This market structure appears to be changing, however, as an increasing number of stock exchanges are attempting to operate across national borders. A Transaction Survey done by Hong Kong Stock Exchange in 2000 indicated that overseas investors (mainly institutions) had significantly increased their participation in the Hong Kong market. In Europe several ambitious initiatives have been undertaken of late to create, through mergers or other consolidations, pan-European exchanges that offer trading in stocks from many European countries. The establishment of these exchanges will likely lead to important benefits for the financial markets. For example, a standardization of trading platforms across exchanges, an increase in market liquidity, and a reduction in market fragmentation potential by-products of consolidationcould help minimize the costs and problems associated with cross-border trading in Europe.

Despite the persistence of protectionism and restrictions to free trade, markets for goods and services are becoming increasingly globalized (Castells, 1996). Financial institutions are extending their activities either by developing new products or by penetrating new markets in response to growing competition. They are also widening their customer base to benefit from economies of scale and scope.

Expansion occurs both within national boundaries, and also across borders to establish presence in international markets. Globalization of markets has been made possible in the late twentieth century by new communication and transportation technologies allowing for more efficient delivery of information, goods and services.

2.2.1 Europe: Vision to Become a Pan-European Financial Market

The concept of harmonization of financial regulations to establish a single financial market across the EU was brought out since the 1957 Treaty of Rome when it established the European Economic Community (EC) (Howells and Bain, 2000). Extensive liberalization of financial markets was seen in the 1960s regarding direct investments, commercial credits and the acquisition of securities on foreign stock exchanges.

A genuine single financial market across the EU extended to include the securities markets and the insurance services industry. In 1979, the Directive Co-ordinating the Conditions for the Admission of Securities to Official Stock Exchange Listing allowed companies to list their shares or raise capital on other EU stock exchanges. The ISD, based on the Single European Act principles, applied the single passport principle to non-bank investment firms, removing barriers to both provision of cross-border securities services and the establishment of branches throughout the EU for all firms. It also liberalized the rules governing access to stock exchanges, and financial futures and options exchanges. Mutual recognition and home-country control for all security firms and banks performing investment services were shared among all member states.

As with other financial services, the insurance industry saw the promulgation of certain directives; all established the right for companies to operate in other member states.

The Euro launch as a common currency on 1 January 1999 by 11 European nations has been considered a step toward Europe’s economic convergence. Euro facilitates to establish shared, centralized accounting and administrative systems dramatically reduce currency exchange costs and increase price transparency for the member countries. Even non-members dealing with member countries may also benefit from greater price transparency when dealing with one, rather than a number of different, currencies (Geradine, 2000).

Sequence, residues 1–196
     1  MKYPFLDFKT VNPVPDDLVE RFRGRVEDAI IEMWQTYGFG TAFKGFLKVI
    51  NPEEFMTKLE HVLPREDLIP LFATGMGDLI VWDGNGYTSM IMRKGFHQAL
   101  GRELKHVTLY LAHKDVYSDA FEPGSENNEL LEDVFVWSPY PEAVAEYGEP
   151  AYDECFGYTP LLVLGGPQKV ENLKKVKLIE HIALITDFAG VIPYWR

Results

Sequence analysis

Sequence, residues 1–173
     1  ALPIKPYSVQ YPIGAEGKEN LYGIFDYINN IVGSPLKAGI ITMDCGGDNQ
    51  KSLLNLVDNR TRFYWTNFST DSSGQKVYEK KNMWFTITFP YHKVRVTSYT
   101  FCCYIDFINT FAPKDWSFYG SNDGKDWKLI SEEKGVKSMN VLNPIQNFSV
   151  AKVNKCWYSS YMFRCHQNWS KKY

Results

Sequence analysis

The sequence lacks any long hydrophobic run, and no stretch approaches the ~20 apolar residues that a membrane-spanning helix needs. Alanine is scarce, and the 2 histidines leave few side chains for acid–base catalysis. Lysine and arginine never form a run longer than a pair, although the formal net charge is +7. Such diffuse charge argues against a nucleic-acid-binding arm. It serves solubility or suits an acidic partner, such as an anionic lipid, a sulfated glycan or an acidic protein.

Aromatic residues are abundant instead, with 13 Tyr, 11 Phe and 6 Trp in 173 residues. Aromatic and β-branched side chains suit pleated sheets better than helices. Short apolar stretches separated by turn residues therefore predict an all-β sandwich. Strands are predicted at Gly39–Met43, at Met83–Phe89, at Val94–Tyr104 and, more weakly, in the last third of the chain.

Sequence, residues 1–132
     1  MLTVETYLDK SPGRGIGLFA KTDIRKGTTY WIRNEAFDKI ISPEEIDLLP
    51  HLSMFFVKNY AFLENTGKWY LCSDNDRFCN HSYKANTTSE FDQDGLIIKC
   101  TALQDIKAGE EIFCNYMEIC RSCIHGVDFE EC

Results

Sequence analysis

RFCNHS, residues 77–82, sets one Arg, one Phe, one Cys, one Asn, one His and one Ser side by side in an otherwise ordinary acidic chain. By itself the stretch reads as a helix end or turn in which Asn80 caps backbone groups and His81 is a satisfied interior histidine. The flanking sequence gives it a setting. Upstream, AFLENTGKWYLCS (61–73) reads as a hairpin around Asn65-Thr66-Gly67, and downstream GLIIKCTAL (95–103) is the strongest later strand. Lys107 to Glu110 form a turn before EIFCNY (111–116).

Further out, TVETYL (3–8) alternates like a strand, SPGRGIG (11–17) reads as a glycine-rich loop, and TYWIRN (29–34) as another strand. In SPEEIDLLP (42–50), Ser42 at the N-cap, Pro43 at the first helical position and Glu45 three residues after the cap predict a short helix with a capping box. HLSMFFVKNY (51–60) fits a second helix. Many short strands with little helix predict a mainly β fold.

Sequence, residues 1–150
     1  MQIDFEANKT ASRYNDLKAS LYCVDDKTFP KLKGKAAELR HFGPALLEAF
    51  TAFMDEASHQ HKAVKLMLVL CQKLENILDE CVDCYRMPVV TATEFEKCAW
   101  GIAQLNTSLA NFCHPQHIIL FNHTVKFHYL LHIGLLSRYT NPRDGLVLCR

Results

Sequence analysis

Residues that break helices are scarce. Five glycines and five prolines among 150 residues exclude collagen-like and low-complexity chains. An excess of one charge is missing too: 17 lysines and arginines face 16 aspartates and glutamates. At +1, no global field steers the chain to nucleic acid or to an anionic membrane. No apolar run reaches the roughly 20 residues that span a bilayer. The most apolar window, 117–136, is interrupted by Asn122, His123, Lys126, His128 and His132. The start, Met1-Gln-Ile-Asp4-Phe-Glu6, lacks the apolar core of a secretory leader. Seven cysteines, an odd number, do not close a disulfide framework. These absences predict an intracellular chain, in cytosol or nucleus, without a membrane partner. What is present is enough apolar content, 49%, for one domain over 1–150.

As discussed above, globalization has become a major driver of change, which was confirmed by rapid growth in cross-border portfolio investment and cooperation of markets

2.2.2 Asia: Evolution of Strategic Alliances and Cooperation

Asia Pacific saw the frantic pace of exchange alliances and cooperative arrangements.

Most recent examples include:

On 1 February 2000, HKSE jointly agreed with Nasdaq to launch the NASDAQ AMEX Pilot Programme for the trading of seven global securities (Amgen, Applied Materials, Cisco Systems, Dell, Intel, Microsoft and Starbucks) in Hong Kong. These shares can be traded and settled in Hong Kong dollars following the standard T+2 (the second trading day following the transaction) settlement period.

Memorandum of Understanding among various countries were signed to facilitate information sharing and cooperation of regulatory matters: examples are Jakarta Stock Exchange and the Amsterdam Exchange; The Singapore Exchange and the Australian Stock Exchange; The Stock Exchange of Thailand and the Tokyo Stock Exchange.

In Japan, The Osaka Securities Exchange signed a Business Cooperation Agreement with Nasdaq Japan Inc. to establish the Nasdaq Japan for acceptance of listing applications on the Nasdaq-Japan market. Another collaboration accord was signed between The Tokyo Stock Exchange and the Korea Stock Exchange for the effective management of their operations and better investor protection, which allowed for useful information swap regarding promotion of stock investment and supervision of market activities.

2.3 Nature of Competition of Stock Exchanges

The evolution of new financial instruments, the falling monopoly of banks as a source of direct funding to borrowers and of direct investment for investors, the tremendous improvement in information technology, and a greater financial culture among people as well as the fluctuations in interest, price, and exchange rate due to the oil crises have caused the increasing importance of securities markets in the financial system, both as regulated exchanges and over the counter (OECD, 1996). New theories of financial intermediation (Allen and Santomero, 1996; Allen and Gale, 1997) underline the importance of the markets in such a way that all intermediaries (banks, mutual funds, etc.) perform a risk-management activity in between borrowers and lenders on one side and markets on the other, providing a kind of risk insurance. In spite of that, banks and markets can still coexist (Boot and Thakor, 1997).